During the uneasy truce existing in Laos, American helicopters have continued flying supplies of food and ammunition to pockets of Royal Laotian troops who had been engaged in Guerilla warfare in the mountains near the Plateau of Xieng Kuouang, north of Vientiane.
MLS Helicopters landing.
MLS Meo tribesmen watching.
MLS Supplies unloaded.
MS More supplies unloaded (F/G) and another helicopter landing (B/G).
MS Tribesmen watching.
MS Tribesmen carrying grass for roofing huts.
MLS Tribesmen with grass (RA).
MS Cutting wood for huts.
LS Roofing the huts.
MS Women getting water from well.
MS Men cutting buffalo meat.
MS Interior of hut with food cooking over fire.
CU Meo women, with ornate lead-dress.
CU Colonel Vanpao.
CU From map TU to Colonel explaining operations.
ML Colonel Vanpao.
MS Young Meo guerillas.
LS Helicopters prepare to leave.
MS Helicopter takes off.
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Background: During the uneasy truce existing in Laos, American helicopters have continued flying supplies of food and ammunition to pockets of Royal Laotian troops who had been engaged in Guerilla warfare in the mountains near the Plateau of Xieng Kuouang, north of Vientiane.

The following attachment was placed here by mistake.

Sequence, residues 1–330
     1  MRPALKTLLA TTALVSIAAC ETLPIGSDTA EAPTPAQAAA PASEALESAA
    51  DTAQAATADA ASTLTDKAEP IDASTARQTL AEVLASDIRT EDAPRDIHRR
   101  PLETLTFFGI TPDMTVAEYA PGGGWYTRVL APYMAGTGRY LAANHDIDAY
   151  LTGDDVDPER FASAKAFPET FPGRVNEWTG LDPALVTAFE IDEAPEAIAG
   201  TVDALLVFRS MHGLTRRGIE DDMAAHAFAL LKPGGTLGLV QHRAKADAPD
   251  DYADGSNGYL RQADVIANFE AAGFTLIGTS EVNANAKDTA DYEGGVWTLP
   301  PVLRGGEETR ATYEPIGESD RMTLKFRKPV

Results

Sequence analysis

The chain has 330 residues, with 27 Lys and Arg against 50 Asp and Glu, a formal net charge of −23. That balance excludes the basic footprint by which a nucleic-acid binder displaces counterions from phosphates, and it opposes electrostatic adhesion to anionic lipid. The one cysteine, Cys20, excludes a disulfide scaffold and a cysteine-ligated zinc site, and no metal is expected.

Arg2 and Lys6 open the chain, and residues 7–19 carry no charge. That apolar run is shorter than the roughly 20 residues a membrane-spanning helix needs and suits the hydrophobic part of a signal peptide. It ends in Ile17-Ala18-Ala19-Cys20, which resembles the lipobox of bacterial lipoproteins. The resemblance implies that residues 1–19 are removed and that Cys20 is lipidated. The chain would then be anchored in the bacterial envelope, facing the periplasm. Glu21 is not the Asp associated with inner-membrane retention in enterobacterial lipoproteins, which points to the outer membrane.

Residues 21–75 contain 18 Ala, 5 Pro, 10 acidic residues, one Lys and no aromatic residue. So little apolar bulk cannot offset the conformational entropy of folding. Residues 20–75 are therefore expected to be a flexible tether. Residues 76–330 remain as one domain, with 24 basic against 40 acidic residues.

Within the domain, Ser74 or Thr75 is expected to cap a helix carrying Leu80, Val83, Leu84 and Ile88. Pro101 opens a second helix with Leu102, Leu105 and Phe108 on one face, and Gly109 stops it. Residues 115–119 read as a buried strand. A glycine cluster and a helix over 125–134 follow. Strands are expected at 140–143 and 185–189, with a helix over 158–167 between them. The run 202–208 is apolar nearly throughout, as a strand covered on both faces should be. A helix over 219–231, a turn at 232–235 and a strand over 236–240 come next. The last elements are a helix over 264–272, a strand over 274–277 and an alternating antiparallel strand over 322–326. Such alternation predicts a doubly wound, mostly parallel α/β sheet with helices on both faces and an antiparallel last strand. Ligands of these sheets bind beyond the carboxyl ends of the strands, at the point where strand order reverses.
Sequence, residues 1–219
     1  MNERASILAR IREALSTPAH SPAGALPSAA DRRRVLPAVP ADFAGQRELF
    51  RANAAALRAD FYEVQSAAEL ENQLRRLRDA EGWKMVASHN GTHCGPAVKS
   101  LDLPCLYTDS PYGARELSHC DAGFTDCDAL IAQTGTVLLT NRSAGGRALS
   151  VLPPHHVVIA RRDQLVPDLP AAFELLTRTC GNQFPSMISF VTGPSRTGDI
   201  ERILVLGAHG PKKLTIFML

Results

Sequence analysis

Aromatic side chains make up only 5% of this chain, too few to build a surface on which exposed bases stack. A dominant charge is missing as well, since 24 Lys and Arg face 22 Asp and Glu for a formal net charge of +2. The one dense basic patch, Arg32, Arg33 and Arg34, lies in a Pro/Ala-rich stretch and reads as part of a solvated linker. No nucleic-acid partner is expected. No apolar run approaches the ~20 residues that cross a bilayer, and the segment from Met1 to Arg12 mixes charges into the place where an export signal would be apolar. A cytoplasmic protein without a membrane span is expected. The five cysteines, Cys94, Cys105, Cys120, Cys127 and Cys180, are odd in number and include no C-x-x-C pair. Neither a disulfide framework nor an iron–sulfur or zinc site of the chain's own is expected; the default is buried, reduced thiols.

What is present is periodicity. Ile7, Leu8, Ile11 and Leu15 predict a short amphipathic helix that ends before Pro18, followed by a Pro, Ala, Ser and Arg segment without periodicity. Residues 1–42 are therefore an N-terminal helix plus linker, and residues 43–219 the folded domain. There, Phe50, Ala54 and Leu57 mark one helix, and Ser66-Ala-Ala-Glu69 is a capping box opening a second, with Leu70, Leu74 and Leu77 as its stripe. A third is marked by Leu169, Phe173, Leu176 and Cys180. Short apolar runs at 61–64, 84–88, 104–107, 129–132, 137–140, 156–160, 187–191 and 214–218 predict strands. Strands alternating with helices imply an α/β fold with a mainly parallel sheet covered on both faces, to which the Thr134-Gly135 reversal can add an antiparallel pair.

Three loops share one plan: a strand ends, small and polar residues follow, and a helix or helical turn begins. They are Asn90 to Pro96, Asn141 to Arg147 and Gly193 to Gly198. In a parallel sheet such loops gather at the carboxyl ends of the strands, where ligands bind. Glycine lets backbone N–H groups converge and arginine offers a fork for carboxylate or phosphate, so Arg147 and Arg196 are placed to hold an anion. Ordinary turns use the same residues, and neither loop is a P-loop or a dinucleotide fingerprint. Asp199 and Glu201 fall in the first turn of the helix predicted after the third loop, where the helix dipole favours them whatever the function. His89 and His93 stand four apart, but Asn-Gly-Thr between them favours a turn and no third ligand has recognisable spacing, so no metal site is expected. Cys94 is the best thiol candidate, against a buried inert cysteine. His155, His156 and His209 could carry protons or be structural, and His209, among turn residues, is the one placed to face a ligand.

Members of the local 'Meo' tribe are seen looking on with interest May 15 as the helicopters were unloaded. They were cutting grass to roof their bamboo huts, preparing buffalo meat for the troops, and looking after the poppies from which comes opium -- the only product which they sell. They are also skilled silversmiths and make ornate jewellery for their women.
Commander of the troops in the area is Colonel Vanpao, himself a Meo, who leads about ten thousand regular soldiers plus the 'Meo' guerillas in the area. The Meos and other hill tribes have been fighting on both sides in the civil war and it is estimated that 60 per cent of the Pathet Lao forces are tribesmen from the mountains.
The Meo tribe - a warrior race with a tradition of fighting - migrated from China to Laos in the first century A.D. and settled in the hills. Today, they only live above the 3,000 ft. level and if they move to lower areas they become ill because of the change of air.
Reports say that as recently as May 19 the Soviet airlift to the Pathet Lao rebels was at the relatively high rate of 10 to 12 planes loads a day. This compares with the "routine average" of five to eight loads a day in the past few months.